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This eBook from the Gutenberg Project consists of approximately 148 pages of information about Nan Sherwood's Winter Holidays.

The child looked at Bess in her sly, wondering way, and said:  “Hi!  I never had nobody worry over what become of me ’fore this.  Seems like it’s somethin’ new.”

CHAPTER XXVIII

WHAT HAPPENED TO INEZ

Walter, who had gone downstairs to wait after he had brought the doctor, had a long wait in the cold court at the door of the lodging house in which Jennie Albert lived.  A less patient and good-natured boy would have been angry when his sister and her school chums finally appeared.

He was glad that Grace took an interest in anything besides her own pleasure and comfort.  His sister, Walter thought, was too much inclined to dodge responsibility and everything unpleasant.

He wanted her to be more like Nan.  “But, then,” the boy thought, “there’s only one Nan Sherwood in the world.  Guess I can’t expect Grace to run a very close second to her.”

However, when the girls did appear Grace was chattering just as excitedly as Bess Harley herself; and she led Inez by the hand.

“Yes, she shall!  She’ll go right home with me now—­sha’n’t she, Walter?” Grace cried.  “You get a taxi, and we’ll all pile in—­did you ever ride in a taxi, Inez?”

“Nope.  But I caught on behind a jitney once,” confessed the little girl, “and a cop bawled me out for it.”

“We’re going to take her home, and dress her up nice,” Bess explained to Walter, “and give her the time of her life.”

Inez seemed a bit dazed.  In her own vernacular she would probably have said—­had she found her voice—­that “things was comin’ too fast for her.”  She scarcely knew what these girls intended to do with her; but she had a good deal of confidence in Nan Sherwood, and she looked back at her frequently.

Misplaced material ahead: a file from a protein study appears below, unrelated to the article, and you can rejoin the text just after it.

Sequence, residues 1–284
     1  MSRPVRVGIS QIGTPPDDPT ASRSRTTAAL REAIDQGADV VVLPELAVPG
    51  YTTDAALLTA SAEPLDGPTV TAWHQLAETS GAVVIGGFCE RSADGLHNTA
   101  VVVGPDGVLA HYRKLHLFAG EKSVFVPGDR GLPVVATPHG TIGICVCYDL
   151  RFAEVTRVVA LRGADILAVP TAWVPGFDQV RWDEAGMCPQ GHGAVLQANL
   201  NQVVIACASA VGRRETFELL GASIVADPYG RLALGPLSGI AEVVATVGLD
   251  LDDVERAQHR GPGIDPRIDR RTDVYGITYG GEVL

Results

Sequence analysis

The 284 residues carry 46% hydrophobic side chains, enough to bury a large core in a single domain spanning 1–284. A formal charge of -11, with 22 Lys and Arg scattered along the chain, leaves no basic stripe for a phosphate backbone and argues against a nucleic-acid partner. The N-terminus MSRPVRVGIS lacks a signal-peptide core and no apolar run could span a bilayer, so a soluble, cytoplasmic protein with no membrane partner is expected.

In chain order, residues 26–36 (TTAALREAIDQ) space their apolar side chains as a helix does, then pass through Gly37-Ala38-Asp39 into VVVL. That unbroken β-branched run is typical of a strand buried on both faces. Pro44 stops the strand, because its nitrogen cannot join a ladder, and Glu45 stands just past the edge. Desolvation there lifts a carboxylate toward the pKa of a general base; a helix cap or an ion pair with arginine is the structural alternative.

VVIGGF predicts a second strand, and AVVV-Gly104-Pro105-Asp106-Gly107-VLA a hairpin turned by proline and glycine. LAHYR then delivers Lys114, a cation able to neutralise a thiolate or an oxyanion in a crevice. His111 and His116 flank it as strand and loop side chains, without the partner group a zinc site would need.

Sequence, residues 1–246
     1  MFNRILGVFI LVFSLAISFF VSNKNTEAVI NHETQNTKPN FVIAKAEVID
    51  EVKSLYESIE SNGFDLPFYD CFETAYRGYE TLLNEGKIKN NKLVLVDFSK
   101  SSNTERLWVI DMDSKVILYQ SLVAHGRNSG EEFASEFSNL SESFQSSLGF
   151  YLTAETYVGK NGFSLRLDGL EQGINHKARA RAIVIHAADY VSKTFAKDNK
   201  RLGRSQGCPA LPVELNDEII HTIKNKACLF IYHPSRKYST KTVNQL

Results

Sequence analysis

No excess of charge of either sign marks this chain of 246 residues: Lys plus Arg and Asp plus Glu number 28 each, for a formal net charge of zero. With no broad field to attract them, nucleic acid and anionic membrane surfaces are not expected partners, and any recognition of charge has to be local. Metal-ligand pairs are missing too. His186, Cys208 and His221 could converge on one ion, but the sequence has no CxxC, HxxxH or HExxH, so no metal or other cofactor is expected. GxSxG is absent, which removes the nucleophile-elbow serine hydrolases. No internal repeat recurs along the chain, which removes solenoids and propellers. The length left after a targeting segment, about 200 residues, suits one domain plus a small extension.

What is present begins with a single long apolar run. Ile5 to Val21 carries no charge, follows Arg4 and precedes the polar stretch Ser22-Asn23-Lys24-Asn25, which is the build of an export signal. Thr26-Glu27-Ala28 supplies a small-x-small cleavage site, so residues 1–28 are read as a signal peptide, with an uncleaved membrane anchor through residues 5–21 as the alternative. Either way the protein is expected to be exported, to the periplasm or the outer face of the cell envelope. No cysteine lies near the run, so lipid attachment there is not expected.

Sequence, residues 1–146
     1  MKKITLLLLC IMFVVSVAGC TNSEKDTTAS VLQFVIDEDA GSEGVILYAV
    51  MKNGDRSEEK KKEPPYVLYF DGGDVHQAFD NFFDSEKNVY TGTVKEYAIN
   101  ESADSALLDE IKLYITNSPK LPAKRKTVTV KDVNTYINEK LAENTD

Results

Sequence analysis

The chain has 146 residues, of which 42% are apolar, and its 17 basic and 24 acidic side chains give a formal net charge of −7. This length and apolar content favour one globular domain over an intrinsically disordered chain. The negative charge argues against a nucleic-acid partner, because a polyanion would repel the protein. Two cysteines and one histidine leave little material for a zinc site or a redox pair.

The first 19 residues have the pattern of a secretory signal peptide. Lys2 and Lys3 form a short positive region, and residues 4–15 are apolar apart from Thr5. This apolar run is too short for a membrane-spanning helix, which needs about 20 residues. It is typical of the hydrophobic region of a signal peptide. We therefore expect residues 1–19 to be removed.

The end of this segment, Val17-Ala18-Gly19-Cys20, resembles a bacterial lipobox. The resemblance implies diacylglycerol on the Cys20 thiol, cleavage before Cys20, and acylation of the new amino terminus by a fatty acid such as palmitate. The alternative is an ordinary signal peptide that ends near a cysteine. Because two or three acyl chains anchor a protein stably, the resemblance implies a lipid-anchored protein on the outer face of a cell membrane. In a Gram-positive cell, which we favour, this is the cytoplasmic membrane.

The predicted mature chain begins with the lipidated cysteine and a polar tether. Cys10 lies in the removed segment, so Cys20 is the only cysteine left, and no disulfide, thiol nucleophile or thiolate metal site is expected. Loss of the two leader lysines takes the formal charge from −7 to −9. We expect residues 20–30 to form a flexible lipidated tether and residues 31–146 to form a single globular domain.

It was to Nan, too, that Walter looked for directions as to their further movements, as well as for exact information as to what had gone on up stairs in Jennie Albert’s room.

“She’s an awfully plucky girl,” Nan said.  “No; she’s not very ill now,” the doctor said, “but she does have a dreadful cough.  However, the doctor has given her medicine.

“It’s odd,” Nan added thoughtfully, “but she got this cold down at Tillbury.  The company she was out with were taking pictures near there.  There’s a big old mansion called the Coscommon House that hasn’t been occupied for years.  It’s often filmed by movie people; but never in the winter before, that I know of.”

“But, Nan!” exclaimed Walter.  “What did we come over here for, anyway?  How about those runaway girls?”

“I’m sorry,” Nan said, shaking her head; “but we haven’t found them.  They don’t live here, and Jennie doesn’t know where they do live.”

“Goodness!  What elusive creatures they are,” grumbled Walter.

“Aren’t they!” Bess exclaimed.  “Jennie Albert just happened to meet them when they were looking for work, and told them where she lived.  So they came around to see her the other day.  That Mr. Gray we saw at the studio had just sent for Jennie, and so she told them to go around and see him.  Yes!  Just think!  ‘Lola Montague’ and ‘Marie Fortesque’!  Say!  Aren’t those names the limit?”

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